“A three-game suspension in a tournament like this is awfully tough,” Canadian head coach Andy Murray said. “It’s the equivalent of a 40-game suspension back in the National Hockey League based on the number of games we’re playing here – but that’s what they decided and that’s what we’ll deal with.”
The Nashville Predators blue-liner was ejected just 1:19 into Saturday’s Group C game, after forcefully elbowing Seidenberg in the chin as came through centre ice with his head down.
Initially, there was no call by Finnish referee Jyri Petteri Ronn, but as Seidenberg struggled to get up, falling over repeatedly, Weber was slapped with a five-minute major and game misconduct.
“I’ve seen the replay on TV,” Seidenberg said. “I can’t remember anything – not even the check itself.”
Canada won the game 3-2.
Weber said he had meant to check Seidenberg, but not hit him in the head or hurt him.
“Obviously I was thinking about it all night,” Weber said. “It’s unfortunate. I’m going to serve it and hopefully come back and help out.”
Following a video review of the incident, a vote was taken among the dictatorate, the International Ice Hockey Federation’s governing body, on whether Weber should receive further discipline. The vote was 19-3 in favour of further sanctions.
IIHF President Rene Fasel had opened the meeting by proposing a five-match ban.
But the 22 directorate members – with representatives from the IIHF, the organizing committee and all 16 participating nations – voted to suspend Weber for three games.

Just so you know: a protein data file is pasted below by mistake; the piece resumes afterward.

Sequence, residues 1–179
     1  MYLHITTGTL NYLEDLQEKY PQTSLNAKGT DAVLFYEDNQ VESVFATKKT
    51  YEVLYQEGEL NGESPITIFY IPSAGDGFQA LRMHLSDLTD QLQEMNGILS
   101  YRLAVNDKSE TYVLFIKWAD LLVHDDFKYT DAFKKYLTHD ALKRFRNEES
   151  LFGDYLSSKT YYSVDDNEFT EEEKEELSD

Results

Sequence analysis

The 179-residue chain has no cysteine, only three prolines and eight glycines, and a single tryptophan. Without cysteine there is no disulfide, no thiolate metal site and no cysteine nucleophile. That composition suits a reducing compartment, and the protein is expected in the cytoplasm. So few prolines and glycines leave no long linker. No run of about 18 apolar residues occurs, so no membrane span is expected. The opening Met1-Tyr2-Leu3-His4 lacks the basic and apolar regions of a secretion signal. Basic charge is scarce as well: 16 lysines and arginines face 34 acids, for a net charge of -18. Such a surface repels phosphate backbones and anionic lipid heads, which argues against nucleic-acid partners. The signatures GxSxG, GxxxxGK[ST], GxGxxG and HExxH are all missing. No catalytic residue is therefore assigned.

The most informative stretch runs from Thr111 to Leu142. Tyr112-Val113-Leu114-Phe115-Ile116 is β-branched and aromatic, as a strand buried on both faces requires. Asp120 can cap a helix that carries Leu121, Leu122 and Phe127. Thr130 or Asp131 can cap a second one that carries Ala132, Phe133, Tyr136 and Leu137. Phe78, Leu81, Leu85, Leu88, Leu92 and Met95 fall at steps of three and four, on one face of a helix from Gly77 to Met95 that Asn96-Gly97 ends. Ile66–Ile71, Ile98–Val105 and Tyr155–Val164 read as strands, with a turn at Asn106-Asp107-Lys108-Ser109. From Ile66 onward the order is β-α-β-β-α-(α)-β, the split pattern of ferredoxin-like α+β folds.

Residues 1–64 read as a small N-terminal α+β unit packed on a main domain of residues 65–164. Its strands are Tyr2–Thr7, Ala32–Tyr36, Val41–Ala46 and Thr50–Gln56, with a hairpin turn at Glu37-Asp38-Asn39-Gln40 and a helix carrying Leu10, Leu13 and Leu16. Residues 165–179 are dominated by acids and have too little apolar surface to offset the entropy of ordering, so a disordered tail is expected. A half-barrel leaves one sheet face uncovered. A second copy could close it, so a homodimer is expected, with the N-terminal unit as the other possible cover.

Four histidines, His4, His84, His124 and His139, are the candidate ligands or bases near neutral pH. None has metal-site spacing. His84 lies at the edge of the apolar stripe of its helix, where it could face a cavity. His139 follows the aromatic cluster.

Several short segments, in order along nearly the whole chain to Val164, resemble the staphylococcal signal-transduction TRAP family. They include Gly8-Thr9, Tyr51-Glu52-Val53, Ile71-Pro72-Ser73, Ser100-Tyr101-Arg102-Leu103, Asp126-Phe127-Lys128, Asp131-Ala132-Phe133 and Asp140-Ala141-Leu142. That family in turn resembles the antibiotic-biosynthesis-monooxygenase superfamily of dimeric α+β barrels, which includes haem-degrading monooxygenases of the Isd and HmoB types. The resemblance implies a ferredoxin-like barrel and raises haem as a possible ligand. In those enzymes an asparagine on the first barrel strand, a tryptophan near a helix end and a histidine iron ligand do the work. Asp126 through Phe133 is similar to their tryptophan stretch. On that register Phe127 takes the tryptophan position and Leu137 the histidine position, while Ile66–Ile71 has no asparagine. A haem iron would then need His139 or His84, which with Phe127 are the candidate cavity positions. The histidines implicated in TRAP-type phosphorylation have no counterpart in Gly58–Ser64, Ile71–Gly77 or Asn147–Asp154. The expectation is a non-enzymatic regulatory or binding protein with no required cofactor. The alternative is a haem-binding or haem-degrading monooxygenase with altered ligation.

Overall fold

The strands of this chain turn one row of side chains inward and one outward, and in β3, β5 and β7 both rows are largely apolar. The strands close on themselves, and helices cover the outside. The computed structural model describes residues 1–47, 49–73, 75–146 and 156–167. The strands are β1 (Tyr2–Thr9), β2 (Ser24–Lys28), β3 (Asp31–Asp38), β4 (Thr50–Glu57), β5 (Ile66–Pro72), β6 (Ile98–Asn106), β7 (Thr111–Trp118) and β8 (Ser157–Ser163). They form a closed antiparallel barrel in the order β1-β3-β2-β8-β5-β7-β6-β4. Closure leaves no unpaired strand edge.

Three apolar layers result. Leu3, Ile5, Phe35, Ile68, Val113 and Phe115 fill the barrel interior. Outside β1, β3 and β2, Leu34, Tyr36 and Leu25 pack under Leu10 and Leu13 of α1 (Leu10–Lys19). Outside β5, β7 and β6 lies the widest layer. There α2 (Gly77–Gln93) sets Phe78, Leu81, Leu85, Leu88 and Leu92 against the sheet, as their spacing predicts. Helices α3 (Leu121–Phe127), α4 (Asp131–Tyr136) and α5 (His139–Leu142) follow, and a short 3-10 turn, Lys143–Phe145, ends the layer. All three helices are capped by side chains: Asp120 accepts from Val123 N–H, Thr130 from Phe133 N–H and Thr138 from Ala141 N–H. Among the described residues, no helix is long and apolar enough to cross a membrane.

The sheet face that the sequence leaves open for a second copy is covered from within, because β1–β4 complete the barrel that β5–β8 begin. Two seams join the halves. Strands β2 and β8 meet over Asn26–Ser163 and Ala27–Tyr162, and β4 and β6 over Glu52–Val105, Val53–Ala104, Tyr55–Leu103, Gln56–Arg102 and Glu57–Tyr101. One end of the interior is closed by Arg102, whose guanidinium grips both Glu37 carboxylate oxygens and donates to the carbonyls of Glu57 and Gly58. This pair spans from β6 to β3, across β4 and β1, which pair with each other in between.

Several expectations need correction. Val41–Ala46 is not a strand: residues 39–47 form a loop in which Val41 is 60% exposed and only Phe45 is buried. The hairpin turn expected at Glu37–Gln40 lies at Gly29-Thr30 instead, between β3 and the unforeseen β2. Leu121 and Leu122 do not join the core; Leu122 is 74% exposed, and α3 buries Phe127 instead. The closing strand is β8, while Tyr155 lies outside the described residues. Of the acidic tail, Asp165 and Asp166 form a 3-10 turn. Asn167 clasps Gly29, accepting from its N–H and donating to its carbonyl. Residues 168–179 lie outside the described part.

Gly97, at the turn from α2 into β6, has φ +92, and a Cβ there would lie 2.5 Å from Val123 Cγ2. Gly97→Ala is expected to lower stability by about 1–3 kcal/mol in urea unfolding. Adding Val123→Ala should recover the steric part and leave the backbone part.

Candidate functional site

“I’m not surprised there was further disciplinary action taken,” general manager Steve Yzerman said. “I am aware that this type of hit, hits to the head, is a major concern for the IIHF. Now looking forward, everyone sees a standard has been set.
“Obviously, as the team which has a player suspended, we were hoping it’s less and the Germans weren’t really pushing it one way or the other. But I’m not going to complain about the suspension because we really weren’t sure how they would go.”
Seidenberg had a concussion and will miss at least the next game against 2002 champion Slovakia, but German coach Uwe Krupp said the forward would likely be out for the rest of the tournament.
Weber will miss the remainder of Canada’s preliminary round matches, against Norway and Slovakia, plus its first qualifying round game.
Yzerman said calling up new players from North America was still an option.
“Shea’s a good player for us and a big part of our defence so it’s a loss, but we do have options, we do have enough players, and the coaches will make some adjustments to how we play our special teams,” he said.